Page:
Article 30 — Of both kinds
Posted by Kara Hartley, 3 Apr 2017
Kara Hartley looks at why the 39 Articles insist that communion should be with both bread AND wine for everyone.
XXX — OF BOTH KINDS
The Cup of the Lord is not to be denied to the Lay-people; for both the parts of the Lord’s Sacrament, by Christ’s ordinance and commandment, ought to be ministered to all Christian men alike.
Article 30 is the third article relating to the Lord’s Supper. Article 28 denies the Roman Catholic doctrine of transubstantiation (where the elements of bread and wine become the body and blood of Jesus), insisting that the elements are signs pointing back to Christ, not Christ himself. Article 29 argues that those without faith who partake in the Lord’s Supper are not partaking in Christ, and in fact are bringing condemnation on themselves.
Article 30 gives instructions of how the Lord’s Supper is to be given or administered to the congregation. It declares that both elements, and in particular the cup, are to be served to all Christian members of the congregation. To our minds this may seem a strange instruction, as it might never have occurred to us that when we come to the Lord’s Supper we might only be offered the bread and not the cup. That’s certainly true for me.
So why did the Reformers feel the need to insist on this? After all when Jesus established what we’ve come to call the Lord’s Supper on the night before he died, he clearly invited the disciples to eat the bread and drink the cup in remembrance of him (Matthew 26:26-30; Luke 22:19-22). In the early church the practice of serving both the bread and wine continued. For example in 1 Corinthians 11 as Paul instructs the church about the correct manner in which they were to come to celebrate the Lord’s Supper, it’s clear the expectation was that people would be eating the bread and drinking from the cup, linking the practice of the Corinthians to the night before Jesus’ death (1 Corinthians 11:23-27).
Yet by the time of the medieval church, the situation had changed. No longer was the cup offered to members of the congregation, instead it was reserved for the presiding priest. There are several theories about how this practice emerged, though it is not entirely clear. One possibility is that due to issues around hygiene it was not right to drink from a common cup. Another is that the elements were to be so revered that they were to be kept from human contamination. Bread was placed straight on the tongue of the recipient and the wine was withheld from the ‘common man’.
The theology which was developed to justify giving communion in only one kind was this: because bodies have blood in them, giving only the body of Jesus meant that in reality people were in fact being given both body and blood! They did not need the cup, and as the priest was the representative of the people before God he would take the cup for them. This simply reinforced the notion of the priest as somewhat separate or special from the rest of the congregation and as a mediator between God and the people.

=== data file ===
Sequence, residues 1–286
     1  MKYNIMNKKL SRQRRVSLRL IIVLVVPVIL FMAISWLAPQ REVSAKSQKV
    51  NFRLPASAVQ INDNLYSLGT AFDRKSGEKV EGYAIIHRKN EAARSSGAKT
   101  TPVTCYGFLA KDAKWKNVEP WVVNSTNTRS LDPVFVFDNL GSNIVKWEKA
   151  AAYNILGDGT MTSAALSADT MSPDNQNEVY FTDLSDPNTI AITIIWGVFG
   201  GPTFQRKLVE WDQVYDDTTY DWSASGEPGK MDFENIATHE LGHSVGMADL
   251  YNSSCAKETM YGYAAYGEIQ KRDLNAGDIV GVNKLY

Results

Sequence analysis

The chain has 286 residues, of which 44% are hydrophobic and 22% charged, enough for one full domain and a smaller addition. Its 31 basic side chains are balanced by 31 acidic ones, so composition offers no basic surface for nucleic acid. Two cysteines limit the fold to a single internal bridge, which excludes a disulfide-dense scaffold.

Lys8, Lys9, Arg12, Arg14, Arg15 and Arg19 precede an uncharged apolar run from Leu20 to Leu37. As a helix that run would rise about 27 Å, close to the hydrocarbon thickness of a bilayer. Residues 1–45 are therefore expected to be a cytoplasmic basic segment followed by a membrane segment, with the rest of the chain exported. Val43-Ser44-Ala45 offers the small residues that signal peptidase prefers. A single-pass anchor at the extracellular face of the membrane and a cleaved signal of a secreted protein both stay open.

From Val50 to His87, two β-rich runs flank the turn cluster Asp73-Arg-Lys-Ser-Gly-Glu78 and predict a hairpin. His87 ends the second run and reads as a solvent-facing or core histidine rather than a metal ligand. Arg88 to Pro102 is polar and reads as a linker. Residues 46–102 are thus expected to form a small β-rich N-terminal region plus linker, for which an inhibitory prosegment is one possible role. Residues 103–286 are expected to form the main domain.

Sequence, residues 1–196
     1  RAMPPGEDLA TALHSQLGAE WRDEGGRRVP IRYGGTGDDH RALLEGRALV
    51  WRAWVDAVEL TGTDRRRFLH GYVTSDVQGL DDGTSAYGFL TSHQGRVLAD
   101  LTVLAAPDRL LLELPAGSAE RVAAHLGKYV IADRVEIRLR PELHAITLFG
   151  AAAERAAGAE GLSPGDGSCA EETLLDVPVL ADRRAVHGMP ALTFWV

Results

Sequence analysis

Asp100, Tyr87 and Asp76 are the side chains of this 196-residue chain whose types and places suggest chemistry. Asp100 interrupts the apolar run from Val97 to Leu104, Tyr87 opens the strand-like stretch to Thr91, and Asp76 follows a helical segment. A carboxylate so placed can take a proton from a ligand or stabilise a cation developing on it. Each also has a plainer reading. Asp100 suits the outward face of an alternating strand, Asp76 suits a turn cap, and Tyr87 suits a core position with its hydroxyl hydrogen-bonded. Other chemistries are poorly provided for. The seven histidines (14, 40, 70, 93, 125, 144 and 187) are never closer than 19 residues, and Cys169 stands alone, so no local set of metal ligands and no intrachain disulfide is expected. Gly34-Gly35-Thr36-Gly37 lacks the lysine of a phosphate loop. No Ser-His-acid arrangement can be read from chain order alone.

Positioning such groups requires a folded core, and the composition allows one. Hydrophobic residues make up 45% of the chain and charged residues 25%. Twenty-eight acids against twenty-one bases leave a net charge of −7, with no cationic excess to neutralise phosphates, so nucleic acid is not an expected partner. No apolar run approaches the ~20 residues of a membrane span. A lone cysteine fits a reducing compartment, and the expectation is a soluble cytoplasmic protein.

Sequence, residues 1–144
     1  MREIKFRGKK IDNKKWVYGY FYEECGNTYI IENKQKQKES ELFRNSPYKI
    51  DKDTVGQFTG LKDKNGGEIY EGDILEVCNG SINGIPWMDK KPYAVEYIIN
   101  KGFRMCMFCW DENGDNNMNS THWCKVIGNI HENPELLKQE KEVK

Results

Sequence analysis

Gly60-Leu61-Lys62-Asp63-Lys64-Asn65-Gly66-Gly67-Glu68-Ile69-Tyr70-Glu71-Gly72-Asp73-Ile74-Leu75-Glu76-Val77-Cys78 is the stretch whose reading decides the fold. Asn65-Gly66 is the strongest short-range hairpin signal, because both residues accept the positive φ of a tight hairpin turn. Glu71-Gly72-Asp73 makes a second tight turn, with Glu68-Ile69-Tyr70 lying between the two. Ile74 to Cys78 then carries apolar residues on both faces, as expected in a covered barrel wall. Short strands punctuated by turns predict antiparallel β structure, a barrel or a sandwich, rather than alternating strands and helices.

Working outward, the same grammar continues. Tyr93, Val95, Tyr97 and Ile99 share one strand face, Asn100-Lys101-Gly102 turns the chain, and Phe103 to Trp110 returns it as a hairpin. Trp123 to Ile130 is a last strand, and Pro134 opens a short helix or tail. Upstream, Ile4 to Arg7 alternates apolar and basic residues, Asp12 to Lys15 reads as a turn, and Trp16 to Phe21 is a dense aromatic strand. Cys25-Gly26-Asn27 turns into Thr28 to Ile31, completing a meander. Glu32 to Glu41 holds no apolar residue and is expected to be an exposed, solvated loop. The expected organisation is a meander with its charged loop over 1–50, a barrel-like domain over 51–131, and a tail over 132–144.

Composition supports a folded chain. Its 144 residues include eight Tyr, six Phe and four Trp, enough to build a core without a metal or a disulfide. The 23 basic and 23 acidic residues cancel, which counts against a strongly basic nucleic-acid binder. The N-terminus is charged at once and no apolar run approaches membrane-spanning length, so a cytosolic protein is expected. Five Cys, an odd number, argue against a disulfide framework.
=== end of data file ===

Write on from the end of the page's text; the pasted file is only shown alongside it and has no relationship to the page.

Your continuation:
There were some rumblings against this practice in the fifteenth century when the Hussites of Bohemia broke with the tradition of Rome and began to administer the communion in ‘both kinds’ in their congregations. Their practice was condemned at the Council of Constance in 1415. Their leader, Jan Huss, was burned at the stake for what the council considered heresy.
The final session of the Council of Trent, the counter-reformation council, held in the 1560’s confirmed the Decree of the Constance Council and determined that:
“…Wherefore, holy Mother Church, knowing this her authority in the administration of the sacraments, although the use of both species has, from the beginning of the Christian religion, not been unfrequent, yet, in progress of time, that custom having been already very widely changed, she, induced by weighty and just reasons, has approved of this custom of communicating under one species, and decreed that it was to be held as a law; which it is not lawful to reprobate, or to change at pleasure, without the authority of the Church itself” (Session 21, Chapter 2, 1562).
The historical account of the practice in some ways only adds to the strangeness of this article. In one sense it seems like a fairly minor if not pedantic issue. Yet, theologically, for the reformers it was important. At the heart of this article are two important doctrines.
Firstly, the Roman practice implied there was another mediator between God and humanity, alongside Christ. This notion was repugnant to the Reformers (see Hebrews 9:11-15). By withholding the cup from the congregation and taking the wine himself, the priest was in fact standing in their place.
Which leads to the second important theological truth: The Reformers conviction about the priesthood of all believers (cf. 1 Peter 2:5). This view holds that the church is a company of priests who bring to God ‘a sacrifice of praise’ (Hebrews 13:15), and therefore there isn’t one person who stands in place of the congregation representing them to God. We all have access to God equally.
Today the practice of receiving the communion in both kinds has become more commonplace in the Roman Catholic Church, though it is not universal. It is important to protect the practice of giving the communion in both kinds for two significant reasons. Biblically, as the article suggests, it continues the tradition in the way Christ ordained and commanded, and in line with the early church as per 1 Corinthians 11:28. Secondly, it maintains the theological truth of the priesthood of all believers. As such it removes any notion of some mediatorial role for the priest or minister between God and the laity. This is a sacrament for the whole church and the whole sacrament ought to be given to the each member of the congregation.
Kara Hartley is the Archdeacon for Women’s Ministry in the Diocese of Sydney.
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